by Favianna Rodriguez
This post has been reposted from the blog of Favianna Rodriguez at Favianna.com. It was originally posted on May 2, 2012. If you like my CulturalOrganizing.org (or even if you don’t), you should definitely be reading hers.
I’m really honored to be able to collaborate with some off-the-hook undocumented artists and writers who are not only making waves in the immigrant rights space, but also in the arts and culture space overall. If you are in San Francisco, you will the opportunity to meet some of these artists at the upcoming Undocunation event on May 3.
Last year, I had heard about Julio Salgado, an undocumented artist who was posting images all over Facebook in support of the DREAM Act and about undocumented youth coming out of the shadows. I had seen the images around but hadn’t actually met Julio, until last may when he visited the Bay and I invited him over for lunch. (Art below by Julio Salgado)
Empowered by both his queer and undocumented identities, Julio was following the tradition of using art as a tool to fight anti-migrant laws. I was so tremendously inspired by him that I committed to supporting his creative work and I invited him be a part of a delegation of artists that went to Tucson, Arizona, last September.
Julio eventually introduced me to his collaborative media project, DreamersAdrift.com. Along with Jesus Iñiguez, Fernando Romero and Deisy Hernandez, the four undocumented college graduates had started DreamersAdrift.com as a way to combat the negative language used by the media when they talked about undocumented folks in this country. Using video, art and music, DreamersAdrift.com has been a creative outlet for other undocumented students and allies to speak out about their immigration status. You can see some of their hilarious work here.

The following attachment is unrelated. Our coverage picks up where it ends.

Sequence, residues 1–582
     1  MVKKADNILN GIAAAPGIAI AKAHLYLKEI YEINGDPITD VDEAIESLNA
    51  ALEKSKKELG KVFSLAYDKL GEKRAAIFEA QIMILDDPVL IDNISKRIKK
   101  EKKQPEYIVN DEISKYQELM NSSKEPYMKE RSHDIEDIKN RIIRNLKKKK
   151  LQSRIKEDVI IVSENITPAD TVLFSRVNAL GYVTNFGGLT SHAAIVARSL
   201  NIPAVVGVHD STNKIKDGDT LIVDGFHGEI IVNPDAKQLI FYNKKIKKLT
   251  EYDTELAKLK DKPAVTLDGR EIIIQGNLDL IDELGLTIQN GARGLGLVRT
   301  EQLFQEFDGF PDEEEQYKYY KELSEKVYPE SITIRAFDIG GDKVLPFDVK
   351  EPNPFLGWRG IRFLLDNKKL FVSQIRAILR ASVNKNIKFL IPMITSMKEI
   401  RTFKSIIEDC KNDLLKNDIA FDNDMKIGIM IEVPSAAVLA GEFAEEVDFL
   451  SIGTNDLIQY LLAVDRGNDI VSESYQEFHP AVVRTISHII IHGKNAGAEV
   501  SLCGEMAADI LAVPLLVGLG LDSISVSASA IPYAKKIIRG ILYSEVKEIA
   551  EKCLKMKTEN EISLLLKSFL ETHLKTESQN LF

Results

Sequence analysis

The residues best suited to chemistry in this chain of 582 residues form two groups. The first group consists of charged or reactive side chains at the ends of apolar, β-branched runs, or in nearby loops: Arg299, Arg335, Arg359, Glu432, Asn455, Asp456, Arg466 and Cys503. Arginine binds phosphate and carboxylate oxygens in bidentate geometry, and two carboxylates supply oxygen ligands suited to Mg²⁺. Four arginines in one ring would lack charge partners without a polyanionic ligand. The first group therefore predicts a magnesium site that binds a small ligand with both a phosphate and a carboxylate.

It was refreshing to see these artist take on serious subjects with humor and sarcasm. I also was really impressed that everyone involved in the production, down the video editor, was undocumented. This demonstrated to me the importance of art, culture and media coming directly from the folks most impacted by a given issues, in this case, our country’s failed immigration system. I believe that as radical artists, we have to recognize our priviledge and be able to strongly support other artists who do not have the same access we have. The fact that I was born in this country grants me access to a host of grants, public money, and artistic opportunities that undocumented artists dont’ have.
The “Undocumented and Awkward” series by DreamersAdrift.com have gone viral within pro-migrant activists who have used the videos to share the realities of being an undocumented immigrant.
They’ve also collaborated with other undocumented artists as well, such as Yosimar Reyes, who was featured in one of the “Undocumented and Awkward” videos that touched on the subject of being undocumented and queer, or “Undocuqueer.” Yosimar, a self-described “two-spirit gangsta” and author of “For Colored Boys Who Speak Softly,” has used his poetic talent to criticize the current state of immigrant politics. Issues of race, borders and “joteria,” are abundant in his work.
Julio also connected me with Felipe Baeza, a fierce, undocumented artist from New York who not only has he been actively creating art about being UndocuQueer, but has also been at the forefront of a migrant movement led by a lot of women and queer youth. Last year, Felipe participated in a sit-in in Gerogia and risked deportation. Check him out here:
These artists are a huge inspiration for me, and I’m excited to be working with them on national projects, like this print portfolio project here, and like “UndocuNation: An Evening with Artists for Immigrant Justice,” which opens tomorrow, May 3 at the Yerba Buena Center for the Arts.